Head of the Russian Federal Tourism agency is convinced Russians 'don't need seaside holidays'
Originally appeared at bne Intellinews
Despite having purchased two holiday homes in the Seychelles, the head of Russia's federal tourism agency is adamant that like their ancestors, Russians don't need to spend their holidays at the seaside.
"The necessity of a beach and the sea is largely an inculcated fad of the past years, that we have taken up as our own opinion," Oleg Safonov said in an interview to Rossiyskaya Gazeta newspaper on December 7. "Our forefathers, even those who were wealthy, did not travel en masse to foreign coasts," he said.
The official also mentioned China, US, Canada and other countries that do not have "the same stereotypical idea of a holiday as an all-inclusive trip to the seaside in Turkey".
Yet Safonov himself turns out to be the owner of two villas on the Seychelles islands, as stated in his income declaration posted on his agency's website. Commenting on the fact, Safonov told Dozhd TV that while he indeed had property on the tropical islands he sold the houses earlier this year.
His recommendations to a populace that embraced cheap seaside holiday options in their millions over the years come after Russia imposed sanctions on Turkey for downing one of its warplanes in Syria on November 24.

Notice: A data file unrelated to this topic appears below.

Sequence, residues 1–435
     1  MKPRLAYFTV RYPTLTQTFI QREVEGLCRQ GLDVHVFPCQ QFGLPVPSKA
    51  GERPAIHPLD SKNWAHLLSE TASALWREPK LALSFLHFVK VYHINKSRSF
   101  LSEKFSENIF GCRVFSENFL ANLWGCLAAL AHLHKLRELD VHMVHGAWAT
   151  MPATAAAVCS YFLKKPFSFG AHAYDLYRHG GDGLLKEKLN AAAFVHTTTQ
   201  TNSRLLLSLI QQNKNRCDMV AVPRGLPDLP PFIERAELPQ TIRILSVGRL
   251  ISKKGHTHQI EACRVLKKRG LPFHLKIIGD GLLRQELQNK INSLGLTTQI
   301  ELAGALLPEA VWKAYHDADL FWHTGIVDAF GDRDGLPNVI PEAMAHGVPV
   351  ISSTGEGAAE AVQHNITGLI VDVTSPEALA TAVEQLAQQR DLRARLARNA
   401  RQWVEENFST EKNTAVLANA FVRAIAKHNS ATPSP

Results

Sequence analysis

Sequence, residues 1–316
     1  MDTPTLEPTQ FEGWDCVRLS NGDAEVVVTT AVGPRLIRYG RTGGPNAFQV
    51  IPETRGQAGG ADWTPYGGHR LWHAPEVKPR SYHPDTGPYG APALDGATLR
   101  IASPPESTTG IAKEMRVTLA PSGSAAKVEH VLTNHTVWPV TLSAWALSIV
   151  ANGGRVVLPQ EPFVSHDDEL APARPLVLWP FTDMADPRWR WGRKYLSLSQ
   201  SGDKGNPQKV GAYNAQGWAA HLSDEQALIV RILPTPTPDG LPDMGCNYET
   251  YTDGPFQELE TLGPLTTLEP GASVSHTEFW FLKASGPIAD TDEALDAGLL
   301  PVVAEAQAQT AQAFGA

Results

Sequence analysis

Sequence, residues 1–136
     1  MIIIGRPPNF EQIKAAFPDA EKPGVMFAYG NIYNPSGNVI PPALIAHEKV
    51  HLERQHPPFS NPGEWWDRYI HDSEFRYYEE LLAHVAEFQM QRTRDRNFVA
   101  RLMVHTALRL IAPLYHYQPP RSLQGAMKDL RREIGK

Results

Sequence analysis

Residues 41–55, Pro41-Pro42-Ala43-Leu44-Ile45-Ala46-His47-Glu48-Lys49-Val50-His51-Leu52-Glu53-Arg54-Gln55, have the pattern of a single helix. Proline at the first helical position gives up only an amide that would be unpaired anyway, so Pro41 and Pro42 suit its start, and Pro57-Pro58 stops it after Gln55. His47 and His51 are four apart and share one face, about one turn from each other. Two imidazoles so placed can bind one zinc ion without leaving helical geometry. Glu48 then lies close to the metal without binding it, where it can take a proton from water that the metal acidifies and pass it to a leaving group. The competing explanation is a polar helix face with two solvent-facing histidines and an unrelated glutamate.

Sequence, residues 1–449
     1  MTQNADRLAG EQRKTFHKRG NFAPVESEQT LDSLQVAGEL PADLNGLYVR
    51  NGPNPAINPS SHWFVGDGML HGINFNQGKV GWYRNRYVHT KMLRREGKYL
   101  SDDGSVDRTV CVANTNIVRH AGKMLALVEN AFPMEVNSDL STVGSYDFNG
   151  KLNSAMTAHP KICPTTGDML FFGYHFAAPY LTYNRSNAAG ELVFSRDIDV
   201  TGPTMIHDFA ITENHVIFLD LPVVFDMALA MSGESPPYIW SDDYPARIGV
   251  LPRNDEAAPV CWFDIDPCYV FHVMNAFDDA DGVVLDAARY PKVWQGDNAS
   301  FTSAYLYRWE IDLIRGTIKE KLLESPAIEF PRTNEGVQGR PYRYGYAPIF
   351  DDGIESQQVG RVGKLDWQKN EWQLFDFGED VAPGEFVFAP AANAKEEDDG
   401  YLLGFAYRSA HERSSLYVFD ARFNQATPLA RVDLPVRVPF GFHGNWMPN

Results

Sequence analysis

Flights and tours to Egypt were already suspended in November after 224 people died in the mid-air bombing of a Russian airliner over the Sinai Peninsula. Turkey and Egypt were two of the most popular holiday destinations among Russians, prompting authorities to now talk up domestic vacation options.
"Several options are now closed to us for known reasons, Egypt and Turkey," Prime Minister Dmitry Medvedev said earlier in December. "On the one hand, it's bad, because this reduces people's choices, but on the other hand good because it gives us a chance to stimulate our own touristic routes. We have things to see here in our own country."
Safonov predics that the number of Russians holidaying abroad will fall by 40% in 2016. Speaking toRossiyskaya Gazeta, he said the climatic conditions in Turkey are very close to those in Crimea, which Russia annexed from Ukraine in 2014. "This peninsula can take twice as many travellers as it does today - up to 10 million people a year," he said in the interview.
However, ordinary Russians aren't convinced Crimea is worth the trip, apart from perhaps to see the results of some Russian strong-arm policy: "Our medium-priced hotel near Yalta was like stepping back into the Soviet Union in terms of service, attitude and facilities," a Moscow housewife told bne IntelliNews after her family traded Turkey for Crimea on their last break.
Meanwhile, to help the eight charter airlines that can no long fly to Turkey due to the government's travel restrictions, the Transport Ministry has asked legislators to remove VAT on internal flights for Russian carriers as a "temporary anti-crisis measure". This is expected to save the airlines RUB25bn ($370mn).
In attempt to attract more clients, Russian airlines are cutting ticket prices. In December, S7 and Utair airlines launched sales of tickets that don't allow luggage and are up to $30 cheaper than standard economy fares.